So, Twitter time has finally come.  Here’s the link to our feed:  http://twitter.com/Beardy_VCN Follow us, won’t you?  And since I understand that everyone on the Internet is an attention whore, I promise VCN will follow any one who starts following us during the month of January.  Oh and if you ever see anything you think I should tweet about, lemme know at videocontestnews@gmail.com.

What’s all this then?

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Our Editor: Beardy McContest Winner

I know what you’re thinking; “Video Contest News?  WTF is this supposed to be?  Aren’t there a ton of websites out there that list video contests already?”  Well yes…yes there are.  That’s why we ain’t doing that.  You might find an occasional listing here but those will only be for contests that are begging to be entered and won by someone with a tiny sliver of talent.  For the most part, this website will be dedicated to providing something that is lacking on the web; commentary and news about video contests.

These days it seems like every marketing guy and their momma is trying to entice us Joe Handycams into shooting ads for their company.  There’s a lot of cash and a ton of prizes waiting to be won in online video contests and if you have even a smidge of writing, shooting or editing skills, all that awesome stuff could be yours!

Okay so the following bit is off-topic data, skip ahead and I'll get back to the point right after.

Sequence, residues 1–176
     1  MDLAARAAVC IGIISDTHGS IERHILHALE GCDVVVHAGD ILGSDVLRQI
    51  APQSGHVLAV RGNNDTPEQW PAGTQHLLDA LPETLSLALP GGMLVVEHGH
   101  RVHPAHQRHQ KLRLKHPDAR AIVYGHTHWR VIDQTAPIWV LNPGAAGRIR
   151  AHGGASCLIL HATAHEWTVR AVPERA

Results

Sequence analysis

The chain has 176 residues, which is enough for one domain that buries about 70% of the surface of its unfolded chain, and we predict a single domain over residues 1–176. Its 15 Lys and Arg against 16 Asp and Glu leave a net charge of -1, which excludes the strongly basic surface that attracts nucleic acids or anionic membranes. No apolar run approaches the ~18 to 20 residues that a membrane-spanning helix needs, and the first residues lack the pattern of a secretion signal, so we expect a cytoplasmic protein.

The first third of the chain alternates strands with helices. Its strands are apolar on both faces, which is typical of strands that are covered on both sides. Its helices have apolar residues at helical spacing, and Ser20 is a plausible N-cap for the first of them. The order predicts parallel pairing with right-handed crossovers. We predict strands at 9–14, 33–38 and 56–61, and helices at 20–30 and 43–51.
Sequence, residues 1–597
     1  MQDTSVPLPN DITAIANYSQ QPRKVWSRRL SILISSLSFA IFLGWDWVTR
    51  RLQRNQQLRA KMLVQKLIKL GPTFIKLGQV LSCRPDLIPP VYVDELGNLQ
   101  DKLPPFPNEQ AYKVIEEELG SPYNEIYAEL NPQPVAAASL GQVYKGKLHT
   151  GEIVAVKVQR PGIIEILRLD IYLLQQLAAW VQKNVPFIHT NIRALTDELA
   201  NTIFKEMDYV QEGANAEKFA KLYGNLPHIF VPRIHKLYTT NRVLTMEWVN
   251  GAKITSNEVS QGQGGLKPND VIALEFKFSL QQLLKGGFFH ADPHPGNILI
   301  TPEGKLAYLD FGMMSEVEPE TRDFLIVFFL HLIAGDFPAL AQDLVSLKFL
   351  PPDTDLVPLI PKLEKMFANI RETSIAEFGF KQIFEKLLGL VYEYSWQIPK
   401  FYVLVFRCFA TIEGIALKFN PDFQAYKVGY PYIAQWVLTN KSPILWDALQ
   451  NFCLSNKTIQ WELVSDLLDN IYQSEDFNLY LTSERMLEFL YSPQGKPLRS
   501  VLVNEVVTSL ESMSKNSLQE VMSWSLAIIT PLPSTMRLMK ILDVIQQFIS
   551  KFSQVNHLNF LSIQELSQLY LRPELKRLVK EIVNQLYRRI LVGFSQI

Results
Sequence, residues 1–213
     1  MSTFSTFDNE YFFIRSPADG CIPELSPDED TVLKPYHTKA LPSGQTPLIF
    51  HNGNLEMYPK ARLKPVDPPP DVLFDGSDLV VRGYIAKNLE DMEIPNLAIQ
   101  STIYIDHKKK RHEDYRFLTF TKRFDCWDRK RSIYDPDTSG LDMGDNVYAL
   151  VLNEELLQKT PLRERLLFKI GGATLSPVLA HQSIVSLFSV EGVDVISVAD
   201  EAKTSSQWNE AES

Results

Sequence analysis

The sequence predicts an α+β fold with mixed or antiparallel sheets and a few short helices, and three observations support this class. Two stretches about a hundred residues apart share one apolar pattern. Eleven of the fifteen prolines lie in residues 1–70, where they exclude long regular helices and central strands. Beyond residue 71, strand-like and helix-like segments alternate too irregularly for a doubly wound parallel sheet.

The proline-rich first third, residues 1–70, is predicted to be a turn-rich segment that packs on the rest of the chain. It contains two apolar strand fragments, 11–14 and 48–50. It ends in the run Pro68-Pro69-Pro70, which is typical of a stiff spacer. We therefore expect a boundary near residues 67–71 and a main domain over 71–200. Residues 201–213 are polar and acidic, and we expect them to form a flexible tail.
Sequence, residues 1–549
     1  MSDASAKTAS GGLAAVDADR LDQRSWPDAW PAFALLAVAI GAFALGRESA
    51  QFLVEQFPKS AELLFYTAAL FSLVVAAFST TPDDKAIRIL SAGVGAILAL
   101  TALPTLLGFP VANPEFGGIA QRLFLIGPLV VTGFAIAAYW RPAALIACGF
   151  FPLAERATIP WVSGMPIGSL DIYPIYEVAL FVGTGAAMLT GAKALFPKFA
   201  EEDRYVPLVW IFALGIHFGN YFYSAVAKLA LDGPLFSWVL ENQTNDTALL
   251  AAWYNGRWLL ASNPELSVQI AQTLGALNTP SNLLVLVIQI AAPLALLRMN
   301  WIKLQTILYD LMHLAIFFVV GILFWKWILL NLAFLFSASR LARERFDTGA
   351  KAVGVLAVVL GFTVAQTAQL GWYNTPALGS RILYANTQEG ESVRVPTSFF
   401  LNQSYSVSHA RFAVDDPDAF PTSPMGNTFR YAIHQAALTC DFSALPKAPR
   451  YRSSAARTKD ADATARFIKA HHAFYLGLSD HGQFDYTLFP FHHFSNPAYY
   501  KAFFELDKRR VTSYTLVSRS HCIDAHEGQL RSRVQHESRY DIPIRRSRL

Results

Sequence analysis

But you’re a busy guy/gal/contest winning robot.  There are roughly 103,628 (editor’s estimate) video contests open at any time so how are you supposed to stay on top of them all?   How many times have you wondered what video eventually went on to win what contest?  A million?  And how many times have you wondered why the heck a contest was being run so crappily?  A billion maybe!?  Well wonder no more.  Not only will we be posting results but we’ll also be digging up news about how and why video contests are being run the way they are.  So you guys focus on winning ‘em and we’ll cover the aftermath of your glorious victories and/or pathetic defeats!

In the meantime, if you have some video contest news that you think we should be covering, drop us a line at VideoContestNews@gmail.com.